If you’ve just gotten a new puppy, potty training is probably one of your first priorities.
We’ll go through the basics here, but if you’d like some personalized help, sign up for a private training session!
Potty Training Rule #1: Reward Your Puppy for Going Outside!
The first step to potty training is to get your puppy to pee and poop outside. Because puppies can be distracted and excited about the outside world, we recommend picking a small area outside in the grass (if possible) and walking only in that area until your puppy goes to the bathroom.
Once they potty, throw a party!
Give treats (or you can use some of their kibble) as soon as they potty (not once they come back inside). Give lots of praise and petting if your puppy likes that, and make it a big, exciting moment. Repeat this every single time for at least the first few weeks, and then still reward at least occasionally.
This is positive reinforcement and it’s the foundation of potty training.
How to Manage Your Puppy During Potty Training
Puppies can only hold their bladders for so long, and they don’t have control yet over knowing when they need to go. Management will help avoid accidents and give you lots of opportunities to throw the Potty Party mentioned in the previous step.
Here are some suggestions for managing your puppy to prevent accidents in the house:
Take your puppy out to potty regularly- you may need to do this once an hour while they’re still little.
Keep your puppy in sight so you can check for pre-potty behaviors. Many puppies will start circling around, sniffing the ground, or become more agitated/restless when they need to potty. But you need to be able to notice these signs with enough time to take them out! You may want to keep them in an exercise pen next to you, or have them on leash with you, so you have time to see their behavior change and get them outside.
Overnight, many folks crate their puppies. Being in a smaller space discourages puppies from peeing and pooping in their own space. HOWEVER: very young puppies cannot hold it overnight, so you still need to take your puppy out regularly if you expect them to hold it in between.
If your puppy has gotten overly excited outside, it’s possible they may “forget” their need to pee. So if they’ve been doing fun sniffing, playing with another puppy, or something else super exciting, you may need to take them out again as soon as they’ve calmed down.
Keep a routine! If your puppy gets fed at the same time each day and has regularly scheduled potty breaks, they’re much more likely to be successful.
What Should I Do if My Puppy Has an Accident in the House?
If your puppy has an accident, don’t panic!
Again, puppies have limited control of their bladders and often don’t know they need to go until it’s already happening.
If your puppy has had an accident:
Clean up the accident. We also recommend using a pet odor remover spray to prevent that spot from smelling like “hmm, this smells like a good place to potty!” A thorough cleaning is super helpful here.
Think about why your puppy might have had an accident. Did they need to go out sooner? Did something exciting happen and they skipped peeing on their previous outing? Did you miss the signs that they had to go? These are all things you can change to prevent accidents in the future.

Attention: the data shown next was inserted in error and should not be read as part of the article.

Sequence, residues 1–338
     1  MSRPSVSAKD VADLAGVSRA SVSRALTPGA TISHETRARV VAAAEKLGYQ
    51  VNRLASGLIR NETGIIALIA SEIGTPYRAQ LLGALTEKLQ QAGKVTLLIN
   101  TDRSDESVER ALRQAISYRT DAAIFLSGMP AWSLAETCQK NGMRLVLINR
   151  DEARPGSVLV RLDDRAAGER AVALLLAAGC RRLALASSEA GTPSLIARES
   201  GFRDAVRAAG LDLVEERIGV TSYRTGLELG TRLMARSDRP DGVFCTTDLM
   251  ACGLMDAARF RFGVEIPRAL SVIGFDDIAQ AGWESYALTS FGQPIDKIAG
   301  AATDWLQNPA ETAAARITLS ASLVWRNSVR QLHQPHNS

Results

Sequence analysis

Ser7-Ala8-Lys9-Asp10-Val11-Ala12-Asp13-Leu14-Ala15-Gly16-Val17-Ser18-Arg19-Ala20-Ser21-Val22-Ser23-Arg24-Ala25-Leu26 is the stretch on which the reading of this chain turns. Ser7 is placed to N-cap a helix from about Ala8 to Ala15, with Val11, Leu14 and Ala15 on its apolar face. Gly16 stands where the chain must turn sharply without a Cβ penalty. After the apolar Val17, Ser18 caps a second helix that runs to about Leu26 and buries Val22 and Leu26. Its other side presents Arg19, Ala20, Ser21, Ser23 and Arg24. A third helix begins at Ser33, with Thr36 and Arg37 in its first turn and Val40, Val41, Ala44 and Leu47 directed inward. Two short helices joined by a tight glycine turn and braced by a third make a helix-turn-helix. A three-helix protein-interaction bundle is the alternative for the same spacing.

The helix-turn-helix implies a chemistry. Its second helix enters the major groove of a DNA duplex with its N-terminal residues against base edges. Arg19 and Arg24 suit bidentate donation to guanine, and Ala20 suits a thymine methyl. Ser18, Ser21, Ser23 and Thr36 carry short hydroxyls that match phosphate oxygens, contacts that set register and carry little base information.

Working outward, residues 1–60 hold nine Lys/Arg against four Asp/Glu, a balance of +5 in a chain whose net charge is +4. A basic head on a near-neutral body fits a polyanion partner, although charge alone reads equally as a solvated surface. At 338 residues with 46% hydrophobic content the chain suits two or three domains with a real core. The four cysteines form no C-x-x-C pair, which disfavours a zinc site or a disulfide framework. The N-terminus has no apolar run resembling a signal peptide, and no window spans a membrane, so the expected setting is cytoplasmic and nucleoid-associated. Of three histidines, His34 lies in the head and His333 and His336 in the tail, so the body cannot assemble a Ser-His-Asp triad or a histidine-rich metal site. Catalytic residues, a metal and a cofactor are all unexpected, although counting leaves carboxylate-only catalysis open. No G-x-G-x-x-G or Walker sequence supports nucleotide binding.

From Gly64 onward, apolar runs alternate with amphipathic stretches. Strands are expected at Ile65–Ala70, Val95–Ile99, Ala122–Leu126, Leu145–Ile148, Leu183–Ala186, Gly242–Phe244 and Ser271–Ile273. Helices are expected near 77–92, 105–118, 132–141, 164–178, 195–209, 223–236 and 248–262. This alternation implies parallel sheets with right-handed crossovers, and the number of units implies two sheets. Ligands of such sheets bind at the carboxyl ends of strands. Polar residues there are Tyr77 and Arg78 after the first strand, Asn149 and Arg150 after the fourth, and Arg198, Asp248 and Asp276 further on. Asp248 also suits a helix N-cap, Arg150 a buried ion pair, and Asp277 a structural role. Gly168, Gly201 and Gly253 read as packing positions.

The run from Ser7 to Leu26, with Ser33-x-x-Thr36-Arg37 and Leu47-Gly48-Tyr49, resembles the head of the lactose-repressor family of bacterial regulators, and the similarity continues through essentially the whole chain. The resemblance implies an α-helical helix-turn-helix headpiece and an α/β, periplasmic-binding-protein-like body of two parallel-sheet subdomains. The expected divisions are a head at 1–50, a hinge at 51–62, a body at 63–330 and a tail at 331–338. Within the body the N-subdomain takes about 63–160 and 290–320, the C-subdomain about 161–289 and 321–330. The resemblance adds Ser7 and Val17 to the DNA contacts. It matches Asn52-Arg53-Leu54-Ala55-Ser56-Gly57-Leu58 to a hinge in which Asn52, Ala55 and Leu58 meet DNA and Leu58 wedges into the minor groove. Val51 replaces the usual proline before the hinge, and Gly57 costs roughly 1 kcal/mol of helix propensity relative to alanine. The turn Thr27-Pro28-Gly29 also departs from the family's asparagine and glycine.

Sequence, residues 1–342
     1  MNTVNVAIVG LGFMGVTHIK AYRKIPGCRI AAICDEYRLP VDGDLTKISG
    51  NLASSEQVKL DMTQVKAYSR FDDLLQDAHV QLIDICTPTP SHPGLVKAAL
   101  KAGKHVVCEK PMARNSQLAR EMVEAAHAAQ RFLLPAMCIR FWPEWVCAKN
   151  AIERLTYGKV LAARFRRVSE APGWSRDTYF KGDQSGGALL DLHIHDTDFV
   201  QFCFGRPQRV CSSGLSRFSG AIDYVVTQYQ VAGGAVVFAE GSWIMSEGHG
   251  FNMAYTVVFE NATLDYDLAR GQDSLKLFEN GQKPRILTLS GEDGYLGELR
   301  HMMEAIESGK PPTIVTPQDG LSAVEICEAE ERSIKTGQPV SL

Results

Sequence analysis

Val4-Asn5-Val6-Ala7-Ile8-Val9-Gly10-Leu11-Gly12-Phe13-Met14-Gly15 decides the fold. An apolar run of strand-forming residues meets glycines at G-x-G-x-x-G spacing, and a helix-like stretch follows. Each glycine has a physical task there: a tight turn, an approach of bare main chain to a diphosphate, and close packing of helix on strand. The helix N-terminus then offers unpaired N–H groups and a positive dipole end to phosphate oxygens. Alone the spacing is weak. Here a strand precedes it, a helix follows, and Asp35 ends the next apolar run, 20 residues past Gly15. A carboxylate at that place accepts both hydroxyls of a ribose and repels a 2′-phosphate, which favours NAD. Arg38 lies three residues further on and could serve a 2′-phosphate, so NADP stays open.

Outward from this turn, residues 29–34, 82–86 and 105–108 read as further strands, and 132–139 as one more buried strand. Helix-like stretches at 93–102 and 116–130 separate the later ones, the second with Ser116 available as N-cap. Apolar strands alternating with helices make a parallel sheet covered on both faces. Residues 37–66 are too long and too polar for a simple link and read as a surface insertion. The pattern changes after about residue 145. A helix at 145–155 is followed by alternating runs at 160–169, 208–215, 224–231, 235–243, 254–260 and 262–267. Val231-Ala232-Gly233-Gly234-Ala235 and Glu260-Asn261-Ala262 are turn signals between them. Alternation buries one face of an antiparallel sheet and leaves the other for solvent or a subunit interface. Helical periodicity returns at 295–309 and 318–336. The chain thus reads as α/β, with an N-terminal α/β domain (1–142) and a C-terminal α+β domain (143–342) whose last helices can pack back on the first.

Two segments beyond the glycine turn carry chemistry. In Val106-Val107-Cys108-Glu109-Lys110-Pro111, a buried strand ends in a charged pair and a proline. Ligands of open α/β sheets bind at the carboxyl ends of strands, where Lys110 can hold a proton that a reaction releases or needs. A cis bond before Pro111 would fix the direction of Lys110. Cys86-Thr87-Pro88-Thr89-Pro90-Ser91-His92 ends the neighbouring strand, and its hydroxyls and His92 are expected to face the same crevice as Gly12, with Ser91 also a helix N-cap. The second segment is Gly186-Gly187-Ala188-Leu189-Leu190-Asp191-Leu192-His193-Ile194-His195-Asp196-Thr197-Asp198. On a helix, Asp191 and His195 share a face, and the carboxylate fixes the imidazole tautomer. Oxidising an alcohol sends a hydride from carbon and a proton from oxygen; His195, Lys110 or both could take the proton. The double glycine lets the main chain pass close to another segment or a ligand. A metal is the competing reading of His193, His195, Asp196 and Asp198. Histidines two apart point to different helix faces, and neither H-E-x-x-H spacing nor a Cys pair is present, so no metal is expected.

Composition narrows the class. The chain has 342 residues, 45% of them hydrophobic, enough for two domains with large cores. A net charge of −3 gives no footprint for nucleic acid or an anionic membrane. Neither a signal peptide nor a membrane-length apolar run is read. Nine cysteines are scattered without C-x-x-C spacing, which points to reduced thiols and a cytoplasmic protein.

DO NOT punish your puppy. We caution strongly against yelling at your puppy, making them put their face near the accident, putting them in time out, or any other punishment. Puppies at this age have very limited control over their bodies and are not having accidents intentionally: that’s why we call them accidents! Yelling at them for this is not going to help with potty training, and might actually make things worse.
When Will My Puppy be Fully Potty Trained?
This is a great question! It depends somewhat on the individual puppy. And even if a puppy is having no accidents in the house by three months, we sometimes see a regression at four or five months briefly.
As puppies age, they get more capacity to hold it for longer. While an 8-week-old puppy typically needs to go out every hour or so, a four month old puppy can usually hold it for a few hours. But it’s normal to expect that a puppy won’t be able to hold it more than 3-4 hours until they’re older. Typically by 9-12 months puppies have a mostly-fully-developed system that allows them to hold it for 6 or more hours. But just like humans- most of us don’t hold it for 8+ hours regularly except perhaps while sleeping!
Troubleshooting Potty Training
My adult dog is peeing all the time and having accidents in the house
This would be cause for a vet visit! It’s possible that your dog has a UTI or other medical condition that’s impacting their ability to hold their bladder.
My dog or puppy sometimes pees when they get nervous or overly excited
Some dogs are more prone to this than others. The best way to work through this is to help your puppy feel safe and stay calm, versus getting to the point where they’re so upset/excited that they pee!
My puppy has been struggling with potty training and we can’t figure out why
This can be so frustrating! We recommend reaching out to a certified positive reinforcement trainer ASAP to help figure out what’s going on and how to help.
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